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Arm lift surgery (brachioplasty) has become a frequently requested procedure and a more mainstream request versus when I first started practice here in Scottsdale thirty years ago. There are a few quite rational reasons for this increased popularity notably a larger aging population that is healthier and wants to look better and the epidemic of obesity and the related countless individuals who subsequently sought out and experienced massive weight loss leading to flabby, excess skin. Of course, the media has also played a role in making the public more aware of this procedure with its exposés of a variety of celebrities.

The standard brachioplasty involves an incision in the axilla (armpit) and one extending perpendicular to it down the upper arm to around the level of the elbow region. This longitudinal component is typically placed along the inner and lower aspect of the upper arm in order to make the eventuating scar less conspicuous. Excess skin along with fat is removed resulting in a three dimensional contouring and tightening of the upper arm soft tissue. The result is a more attractive upper arm that should appear slimmer, firmer and with far less hang.

The trade-off of this is the scar which is generally not particularly invisible. Consequently, I recommend to my patients that they need to make sure that the benefits of this procedure significantly outweigh the downside issues. This means that if there is only the most minor extent of drooping of the upper arm skin then an arm lift may not be a prudent choice for them.

There are some variations of this including short scar approaches which make the overall extent of scarring less. However, they typically can only address fairly minor extents of laxity in particular situations making their use somewhat limited.

The following patient of mine is a typical example of a patient seeking arm lift surgery and the ensuing outcome. This 61 year old female, who had lost over fifty pounds over a six month period of time, was unhappy with the substantial and noticeable laxity and drooping of the skin of her upper arms (photos A, C, E and G). She was quite self-conscious about this condition to the point that should would only wear certain types of clothes in order to “hide” her arms.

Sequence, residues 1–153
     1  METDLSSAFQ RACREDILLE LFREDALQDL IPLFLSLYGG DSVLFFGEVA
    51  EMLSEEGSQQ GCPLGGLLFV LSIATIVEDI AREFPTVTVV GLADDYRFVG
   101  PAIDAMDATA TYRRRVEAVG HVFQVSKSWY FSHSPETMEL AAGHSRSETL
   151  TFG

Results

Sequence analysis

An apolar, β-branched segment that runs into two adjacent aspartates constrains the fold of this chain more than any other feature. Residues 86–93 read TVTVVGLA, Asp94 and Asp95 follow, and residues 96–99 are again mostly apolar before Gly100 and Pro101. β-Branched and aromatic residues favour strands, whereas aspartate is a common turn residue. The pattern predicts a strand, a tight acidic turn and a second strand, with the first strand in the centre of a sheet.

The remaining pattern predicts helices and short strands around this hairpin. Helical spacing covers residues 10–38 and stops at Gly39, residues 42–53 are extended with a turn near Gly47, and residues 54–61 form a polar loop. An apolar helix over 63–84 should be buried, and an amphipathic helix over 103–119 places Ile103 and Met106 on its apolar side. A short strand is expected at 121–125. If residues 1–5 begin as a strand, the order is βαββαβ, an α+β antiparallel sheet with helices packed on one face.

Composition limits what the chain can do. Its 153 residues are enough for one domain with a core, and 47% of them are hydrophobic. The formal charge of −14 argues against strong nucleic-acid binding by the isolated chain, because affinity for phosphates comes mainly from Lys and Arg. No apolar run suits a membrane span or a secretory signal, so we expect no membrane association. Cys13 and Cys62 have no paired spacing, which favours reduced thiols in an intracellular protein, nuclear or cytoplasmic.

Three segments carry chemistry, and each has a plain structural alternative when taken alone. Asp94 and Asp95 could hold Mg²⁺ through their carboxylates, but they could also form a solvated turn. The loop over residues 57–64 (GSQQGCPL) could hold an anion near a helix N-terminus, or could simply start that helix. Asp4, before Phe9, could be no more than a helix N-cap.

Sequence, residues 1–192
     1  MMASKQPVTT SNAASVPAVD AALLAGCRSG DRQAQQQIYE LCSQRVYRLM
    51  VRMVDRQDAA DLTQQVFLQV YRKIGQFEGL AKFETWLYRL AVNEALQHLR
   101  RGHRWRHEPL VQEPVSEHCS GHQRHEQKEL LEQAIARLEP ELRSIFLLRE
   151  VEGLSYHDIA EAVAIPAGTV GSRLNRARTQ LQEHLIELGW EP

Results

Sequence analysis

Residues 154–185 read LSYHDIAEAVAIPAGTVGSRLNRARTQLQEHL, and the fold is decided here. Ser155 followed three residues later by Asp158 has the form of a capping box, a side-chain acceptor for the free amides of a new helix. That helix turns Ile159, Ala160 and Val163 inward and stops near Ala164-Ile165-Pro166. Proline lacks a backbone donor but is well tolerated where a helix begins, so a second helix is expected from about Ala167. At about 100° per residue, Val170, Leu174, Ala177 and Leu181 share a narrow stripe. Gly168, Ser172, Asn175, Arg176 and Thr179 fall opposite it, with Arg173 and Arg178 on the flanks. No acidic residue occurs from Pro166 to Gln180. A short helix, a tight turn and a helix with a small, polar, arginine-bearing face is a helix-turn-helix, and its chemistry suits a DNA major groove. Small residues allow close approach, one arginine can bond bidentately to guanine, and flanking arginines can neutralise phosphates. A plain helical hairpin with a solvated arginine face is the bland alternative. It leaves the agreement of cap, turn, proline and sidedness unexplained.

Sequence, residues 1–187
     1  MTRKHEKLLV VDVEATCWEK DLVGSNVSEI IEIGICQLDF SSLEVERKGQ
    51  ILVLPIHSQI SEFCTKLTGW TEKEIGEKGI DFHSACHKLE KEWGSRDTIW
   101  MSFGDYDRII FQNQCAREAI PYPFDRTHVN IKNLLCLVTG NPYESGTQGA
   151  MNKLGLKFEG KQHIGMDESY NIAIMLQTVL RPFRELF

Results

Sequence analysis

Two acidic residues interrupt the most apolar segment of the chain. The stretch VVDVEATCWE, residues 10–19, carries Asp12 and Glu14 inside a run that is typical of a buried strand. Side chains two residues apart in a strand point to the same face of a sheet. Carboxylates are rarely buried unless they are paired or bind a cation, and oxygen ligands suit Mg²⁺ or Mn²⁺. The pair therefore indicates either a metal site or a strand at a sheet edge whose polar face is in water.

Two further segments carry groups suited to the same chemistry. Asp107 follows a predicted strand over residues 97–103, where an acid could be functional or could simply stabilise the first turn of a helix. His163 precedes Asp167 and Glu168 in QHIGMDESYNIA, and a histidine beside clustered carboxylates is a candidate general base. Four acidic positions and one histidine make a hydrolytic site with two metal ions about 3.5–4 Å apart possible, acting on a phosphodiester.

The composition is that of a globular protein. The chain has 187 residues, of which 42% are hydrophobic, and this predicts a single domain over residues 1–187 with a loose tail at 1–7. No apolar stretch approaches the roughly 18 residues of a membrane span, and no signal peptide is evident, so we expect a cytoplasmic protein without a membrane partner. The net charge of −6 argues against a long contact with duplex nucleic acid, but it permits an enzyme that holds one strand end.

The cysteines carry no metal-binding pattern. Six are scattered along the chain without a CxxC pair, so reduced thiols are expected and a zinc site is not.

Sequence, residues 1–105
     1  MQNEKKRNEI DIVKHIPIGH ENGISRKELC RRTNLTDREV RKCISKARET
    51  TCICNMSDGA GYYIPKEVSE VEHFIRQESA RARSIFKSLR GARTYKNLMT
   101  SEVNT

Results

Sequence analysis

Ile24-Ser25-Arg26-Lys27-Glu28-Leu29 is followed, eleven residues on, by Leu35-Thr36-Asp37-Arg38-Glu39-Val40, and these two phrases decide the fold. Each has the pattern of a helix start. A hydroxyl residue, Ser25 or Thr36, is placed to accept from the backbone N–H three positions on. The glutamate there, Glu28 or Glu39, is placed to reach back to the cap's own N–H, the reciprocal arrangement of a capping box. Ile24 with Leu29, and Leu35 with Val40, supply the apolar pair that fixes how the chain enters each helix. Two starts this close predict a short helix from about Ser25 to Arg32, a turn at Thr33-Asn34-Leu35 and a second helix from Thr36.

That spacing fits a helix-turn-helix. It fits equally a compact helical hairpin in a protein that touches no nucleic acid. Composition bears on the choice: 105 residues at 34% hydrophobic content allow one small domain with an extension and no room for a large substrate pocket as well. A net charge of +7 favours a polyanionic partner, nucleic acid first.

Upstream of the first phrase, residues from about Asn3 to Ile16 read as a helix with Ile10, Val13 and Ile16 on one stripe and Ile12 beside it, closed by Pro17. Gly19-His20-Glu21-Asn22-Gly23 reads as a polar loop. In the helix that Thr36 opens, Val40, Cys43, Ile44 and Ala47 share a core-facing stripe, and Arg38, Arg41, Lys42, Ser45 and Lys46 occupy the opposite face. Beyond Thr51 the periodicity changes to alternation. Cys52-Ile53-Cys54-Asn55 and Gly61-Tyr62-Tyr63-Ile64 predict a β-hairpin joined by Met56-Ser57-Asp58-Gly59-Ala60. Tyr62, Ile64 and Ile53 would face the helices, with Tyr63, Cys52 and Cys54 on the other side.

A. right upper arm – frontal view

B. after surgery

C. left upper arm – frontal view

D. after surgery

E. right upper arm – from behind

F. after surgery

G. left upper arm – from behind

H. after surgery

Given the severity of her drooping, it was a no brainer to strongly recommend an arm lift procedure to her as the benefits clearly would far outweigh the eventuating scars from the procedure. She did pursue the surgery and experienced a stunning improvement even at three months as seen in the photos (B, D, F and H).

Needless to say, she was quite ecstatic with the results and with her decision to pursue the surgery.

If you would like more information on arm lift surgery or for any other plastic surgery procedure that I perform or to schedule a plastic surgery consultation with me, please call my office at 480-451-3000.

Steven H. Turkeltaub, M.D. P.C.
Scottsdale and Phoenix, Arizona

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A Message Regarding Coronavirus/COVID-19

As always, our highest priority is to ensure YOUR safety and well-being.

With coronavirus/COVID-19 still a health issue, we want you to know that we are continuing to take extreme infection control measures in our office to maximize cleanliness and keep the environment as sanitary and safe as possible. This also means that only patients will be permitted to come into our office and everyone will have their temperature checked.

In an abundance of caution, we are requesting that if you are experiencing a fever, cough, chills, fatigue or any type of respiratory illness, please delay any upcoming appointments at our practice. We can talk with you by phone or email to establish a new date and time for the appointment. You may also want to contact your healthcare provider for further evaluation.

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